The more we hear from Apple about how secure one's privacy is with their devices and how much they want to continue to insist they will do nothing in the future to compromise privacy the more I wonder how many back doors they have in their equipment. Take a look at the recent planting of code in hard drive firmware as drives were allegedly intercepted during shipment as an example that Apple might not be able to do anything about the security of privacy. Apple buys hard drives by the millions and probably doesn't know if they have been intercepted during shipment or even after they've been installed in a computer.
I read an article in the Atlantic many years ago about the legality of conspiracy charges in the USA. It turns out, IIRC, that almost anyone can be convicted of conspiracy - kind of a last resort of prosecutors when they can't find evidence that someone was actually involved in a crime. It turns out that the co-conspirators don't even have to know each other or ever met.
Most, if not all, the comments here are about the law and Google. What about Internet subscribers? These folks will be missing an important resource used for getting the news which they might not get any other way. Would subscribers get around the law and access their missing news by accessing a foreign, Spanish language news aggregator by using a VPN? I don't know the answer. Besides, I don't think Spain can tax foreign aggregators of Spanish news.
In most of Comcast's service area it is basically a monopoly as far as high speed internet is concerned. For pay TV service there are the two satellite companies and maybe a telephone company, but for high speed internet service it's the only game in town. So why should they spend money on customer service? It's better to recover some or all of that cost by making it a sales organization by turning CSRs into sales reps through their compensation structure.
I'm concerned about where these chips might be used and then disabled. Could they be used in:
- Equipment at police departments and fire departments for emergency response purposes?
- 911 systems?
- Building alarm systems?
- Medical devices in hospitals' emergency rooms, operating rooms, intensive care rooms where failure could cause death?
and the list goes on.
I'm not sure widows operates some of these devices and would be connected to the Internet for update. Both producers of the fake devices, if they could be discovered, and the company writing the stupid dll should be in deep trouble if serious problems resulted form their actions.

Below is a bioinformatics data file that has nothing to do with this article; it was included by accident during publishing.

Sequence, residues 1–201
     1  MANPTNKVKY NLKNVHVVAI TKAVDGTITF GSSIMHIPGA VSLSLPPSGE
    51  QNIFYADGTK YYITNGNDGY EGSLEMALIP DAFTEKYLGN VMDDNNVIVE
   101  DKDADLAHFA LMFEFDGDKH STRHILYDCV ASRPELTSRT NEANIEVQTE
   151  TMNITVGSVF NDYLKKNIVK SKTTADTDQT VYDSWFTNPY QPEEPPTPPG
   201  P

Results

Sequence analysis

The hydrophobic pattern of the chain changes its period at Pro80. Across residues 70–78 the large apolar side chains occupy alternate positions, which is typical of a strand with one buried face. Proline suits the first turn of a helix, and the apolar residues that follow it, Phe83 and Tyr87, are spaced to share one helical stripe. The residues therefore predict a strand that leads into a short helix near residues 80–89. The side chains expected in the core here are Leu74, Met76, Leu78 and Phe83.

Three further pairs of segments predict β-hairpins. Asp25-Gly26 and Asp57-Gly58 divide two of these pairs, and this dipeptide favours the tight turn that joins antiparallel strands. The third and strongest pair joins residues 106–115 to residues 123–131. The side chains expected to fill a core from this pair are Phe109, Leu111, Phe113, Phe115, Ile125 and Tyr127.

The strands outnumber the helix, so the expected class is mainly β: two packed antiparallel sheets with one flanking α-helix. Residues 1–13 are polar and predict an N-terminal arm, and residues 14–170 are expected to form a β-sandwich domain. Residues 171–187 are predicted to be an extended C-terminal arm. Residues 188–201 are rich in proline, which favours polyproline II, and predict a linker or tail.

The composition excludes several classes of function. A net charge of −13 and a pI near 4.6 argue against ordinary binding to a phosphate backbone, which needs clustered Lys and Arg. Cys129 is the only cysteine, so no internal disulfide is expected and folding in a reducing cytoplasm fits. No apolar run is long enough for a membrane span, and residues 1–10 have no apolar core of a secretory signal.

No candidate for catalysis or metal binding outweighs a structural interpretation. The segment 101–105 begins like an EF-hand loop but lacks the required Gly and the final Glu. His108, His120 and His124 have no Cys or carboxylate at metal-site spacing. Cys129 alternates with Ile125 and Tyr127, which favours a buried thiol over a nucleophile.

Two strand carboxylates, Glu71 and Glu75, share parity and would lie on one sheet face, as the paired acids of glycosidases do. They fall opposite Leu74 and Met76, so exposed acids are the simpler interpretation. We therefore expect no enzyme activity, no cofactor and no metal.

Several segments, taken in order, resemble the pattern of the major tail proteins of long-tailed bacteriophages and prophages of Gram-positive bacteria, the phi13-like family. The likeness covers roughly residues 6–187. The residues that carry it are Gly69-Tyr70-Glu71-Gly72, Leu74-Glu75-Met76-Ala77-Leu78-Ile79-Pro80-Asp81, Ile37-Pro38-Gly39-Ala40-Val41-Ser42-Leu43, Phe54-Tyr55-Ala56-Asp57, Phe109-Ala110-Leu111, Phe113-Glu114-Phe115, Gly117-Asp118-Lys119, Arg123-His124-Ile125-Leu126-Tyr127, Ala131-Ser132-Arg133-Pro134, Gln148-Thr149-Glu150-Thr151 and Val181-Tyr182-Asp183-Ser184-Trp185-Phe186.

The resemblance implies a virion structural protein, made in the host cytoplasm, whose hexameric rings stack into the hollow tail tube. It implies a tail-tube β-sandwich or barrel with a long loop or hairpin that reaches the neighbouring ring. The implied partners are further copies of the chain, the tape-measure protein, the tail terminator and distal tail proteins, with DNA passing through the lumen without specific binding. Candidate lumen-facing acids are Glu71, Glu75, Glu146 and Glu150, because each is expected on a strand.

Our city of ~450,000 people put one of these on a main thoroughfare just next to downtown; just this one in the whole city. They shortened the yellow in the 25 MPH zone from something like four seconds to two seconds and rear end collisions at that intersection skyrocketed. Also, they had to put two full time cops on the duty of looking at all the pictures this setup took and writing the tickets to be mailed. The increase in ticketing, both for red light camera and accidents, put a big strain on the police and the city court where the tickets were to be adjudicated. Finally, people learned to avoid this camera by driving one block east of this four-lane road to a much more residential two lane drive. The final result: after less than a year the system was removed and no more talk of red light cameras has been heard since.
It's my understanding that TrueCrypt code is not open source because of it's license restrictions. The code is available and others can use to code to fork the application but it a forked app cannot be used for commercial users.
This new device must have an internet connection: Ipv4 and Ipv6 capable, 802.11 a, b, n, ac, gigabit ethernet. This so newer, more intrusive firmware and DRM can be installed to defeat any hacks and provide more useful, controlled options. Control through a lan connected device, including lap top or desktop computer, iOS or Android phone or tablet. Optional 11.6 inch monitor and Bluetooth keyboard can be had. The March of Technology.
Seems to me that there was another case of police/sheriff abuse of a prisoner in the news recently. A man was tossed into a room for two years and basically forgotten about. Somehow he got some food but after he got out he looked skeletal with a long beard and hair and is clothing was in tatters. No toilet facilities were in the room, so you can imagine what that caused. I can't remember what it cost the jurisdictions in this case or whether it has been resolved. I'm not sure I want to travel through New Mexico under any circumstances much less live there.
Those Dell servers in use are now worthless - no one's going to buy them. Trust Dell in the pay of NSA to remove the offending malware, I don't think so. What about folks accessing those servers on the public Internet? Dell's been on the precipice for sometime and this may destroy their server business and cause them to fall over that cliff. I love my Dell laptop, but probably won't be getting another one any time soon. Good bye, Dell.